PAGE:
Managing Cash Flow
Having a positive cash flow simply means having more money coming in than going out. A positive cash flow is critical to the operation and success of your business, and it is a key indicator of a healthy, well-run business. Unfortunately, especially in the beginning, maintaining a positive cash flow can be difficult.
There are two basic keys to maintaining a positive cash flow. First, you need to know when and how much cash is coming in, and second, you need to know how much and when cash is going out. The trick lies in balancing your income against your costs. To do this, you need to be aware of a number of important factors. Is your business seasonal? Is your payment cycle in sync with your collection cycle? Are you managing your assets and inventory properly by purchasing only what you need, when you need it? In order to keep your finances running smoothly, you'll need to constantly evaluate all of these aspects and be prepared to change your practices as necessary.
Unless your customers pay immediately on receipt of goods or service – if you run a café, for example – then you may be in a position where you are extending credit. In this case, you'll need an effective system for monitoring and collecting receivables, and you'll require a clearly defined collection policy. All of your customers must be aware of your collection policy and you must be willing to enforce it in the event a receivable becomes overdue.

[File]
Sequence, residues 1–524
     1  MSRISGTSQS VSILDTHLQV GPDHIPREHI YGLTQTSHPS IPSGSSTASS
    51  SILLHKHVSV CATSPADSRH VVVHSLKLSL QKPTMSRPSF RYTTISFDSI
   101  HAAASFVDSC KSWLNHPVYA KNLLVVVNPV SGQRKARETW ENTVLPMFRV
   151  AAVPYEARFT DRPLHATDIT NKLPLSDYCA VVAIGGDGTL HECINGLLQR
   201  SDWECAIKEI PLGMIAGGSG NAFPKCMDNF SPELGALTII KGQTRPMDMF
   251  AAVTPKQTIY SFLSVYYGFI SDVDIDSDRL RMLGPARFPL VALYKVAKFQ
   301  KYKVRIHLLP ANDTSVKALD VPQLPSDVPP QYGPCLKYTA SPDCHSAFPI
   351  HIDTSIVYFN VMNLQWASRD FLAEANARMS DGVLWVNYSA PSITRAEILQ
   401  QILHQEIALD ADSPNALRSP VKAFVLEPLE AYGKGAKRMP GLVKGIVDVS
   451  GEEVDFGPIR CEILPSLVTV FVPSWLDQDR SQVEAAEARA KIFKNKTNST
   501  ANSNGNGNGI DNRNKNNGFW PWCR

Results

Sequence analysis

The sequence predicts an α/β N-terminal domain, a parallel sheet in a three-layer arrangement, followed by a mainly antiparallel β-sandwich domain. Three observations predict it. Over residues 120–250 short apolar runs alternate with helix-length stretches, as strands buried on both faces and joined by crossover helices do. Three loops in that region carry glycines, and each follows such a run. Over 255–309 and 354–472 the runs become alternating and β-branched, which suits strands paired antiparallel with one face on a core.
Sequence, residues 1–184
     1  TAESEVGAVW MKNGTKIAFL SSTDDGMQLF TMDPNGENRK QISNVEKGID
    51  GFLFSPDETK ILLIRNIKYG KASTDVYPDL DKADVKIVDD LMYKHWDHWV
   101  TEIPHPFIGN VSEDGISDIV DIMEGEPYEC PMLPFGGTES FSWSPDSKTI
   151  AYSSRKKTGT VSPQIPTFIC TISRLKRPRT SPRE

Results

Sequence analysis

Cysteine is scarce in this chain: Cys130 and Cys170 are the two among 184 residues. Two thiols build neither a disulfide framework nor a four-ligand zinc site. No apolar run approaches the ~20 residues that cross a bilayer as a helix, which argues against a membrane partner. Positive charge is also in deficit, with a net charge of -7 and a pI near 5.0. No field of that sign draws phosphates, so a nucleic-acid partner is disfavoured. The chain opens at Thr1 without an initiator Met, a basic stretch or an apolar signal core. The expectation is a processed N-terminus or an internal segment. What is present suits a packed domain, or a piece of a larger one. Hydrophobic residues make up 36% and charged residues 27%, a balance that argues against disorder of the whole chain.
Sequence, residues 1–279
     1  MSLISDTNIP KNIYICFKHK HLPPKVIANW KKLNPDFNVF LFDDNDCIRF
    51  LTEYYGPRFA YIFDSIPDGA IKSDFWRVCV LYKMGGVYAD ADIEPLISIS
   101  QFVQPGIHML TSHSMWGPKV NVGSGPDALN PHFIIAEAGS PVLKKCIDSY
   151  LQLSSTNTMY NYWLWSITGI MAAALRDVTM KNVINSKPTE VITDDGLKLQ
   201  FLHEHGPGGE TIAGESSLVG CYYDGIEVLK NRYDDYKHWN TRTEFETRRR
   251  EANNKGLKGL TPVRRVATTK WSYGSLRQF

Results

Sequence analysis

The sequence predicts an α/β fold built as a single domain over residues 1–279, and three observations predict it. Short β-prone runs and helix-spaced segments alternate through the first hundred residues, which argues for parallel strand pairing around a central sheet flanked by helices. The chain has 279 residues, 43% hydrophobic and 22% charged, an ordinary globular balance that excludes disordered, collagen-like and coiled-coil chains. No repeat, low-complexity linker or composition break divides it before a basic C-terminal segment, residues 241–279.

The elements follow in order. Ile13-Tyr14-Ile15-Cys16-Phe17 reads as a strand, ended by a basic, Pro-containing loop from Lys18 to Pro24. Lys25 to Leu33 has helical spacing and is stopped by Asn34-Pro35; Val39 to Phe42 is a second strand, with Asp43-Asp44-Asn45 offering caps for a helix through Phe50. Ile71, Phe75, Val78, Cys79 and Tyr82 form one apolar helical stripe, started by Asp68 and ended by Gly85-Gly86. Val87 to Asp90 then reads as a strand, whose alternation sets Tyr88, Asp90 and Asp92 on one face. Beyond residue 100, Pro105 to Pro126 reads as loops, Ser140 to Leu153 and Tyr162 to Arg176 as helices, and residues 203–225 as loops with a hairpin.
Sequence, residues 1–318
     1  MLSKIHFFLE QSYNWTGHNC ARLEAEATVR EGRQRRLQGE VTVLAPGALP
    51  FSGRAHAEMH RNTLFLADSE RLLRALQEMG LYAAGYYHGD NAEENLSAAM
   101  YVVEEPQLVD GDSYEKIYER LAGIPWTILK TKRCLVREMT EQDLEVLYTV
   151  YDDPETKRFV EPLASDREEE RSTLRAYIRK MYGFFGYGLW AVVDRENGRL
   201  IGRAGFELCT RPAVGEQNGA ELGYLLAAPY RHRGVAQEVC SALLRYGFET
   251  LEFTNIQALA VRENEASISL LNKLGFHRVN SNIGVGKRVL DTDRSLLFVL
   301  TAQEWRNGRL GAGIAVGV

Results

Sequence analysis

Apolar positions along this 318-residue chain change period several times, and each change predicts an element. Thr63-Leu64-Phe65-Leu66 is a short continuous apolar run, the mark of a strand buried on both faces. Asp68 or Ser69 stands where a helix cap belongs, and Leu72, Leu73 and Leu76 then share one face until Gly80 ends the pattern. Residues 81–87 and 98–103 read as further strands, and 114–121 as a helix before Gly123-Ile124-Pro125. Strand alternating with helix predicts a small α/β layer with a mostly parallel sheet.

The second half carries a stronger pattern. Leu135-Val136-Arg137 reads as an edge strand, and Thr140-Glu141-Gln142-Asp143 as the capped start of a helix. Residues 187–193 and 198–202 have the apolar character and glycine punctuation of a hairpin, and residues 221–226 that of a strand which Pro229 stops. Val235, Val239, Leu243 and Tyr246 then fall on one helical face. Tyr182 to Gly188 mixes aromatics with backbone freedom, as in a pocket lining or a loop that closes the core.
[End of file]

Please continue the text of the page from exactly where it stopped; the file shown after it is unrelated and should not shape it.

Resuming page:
There are also financing options available that can help you maintain a positive cash flow. Operating loans can help you cover your regular costs in advance of collecting the receivables to pay them. The lender will use a percentage of your accounts receivable as collateral against an operating loan. Operating loans are not one-time loans, but are set up with a lender as a series of pre-approved, short-term loans with a maximum limit, saving you the hassle of having to constantly negotiate new terms. Many new businesses require operating loans, but as your business grows, you'll ideally be able to operate without them.
Remember we're here to provide the advice you need and to help your business grow from a start-up to a self-sufficient operation.
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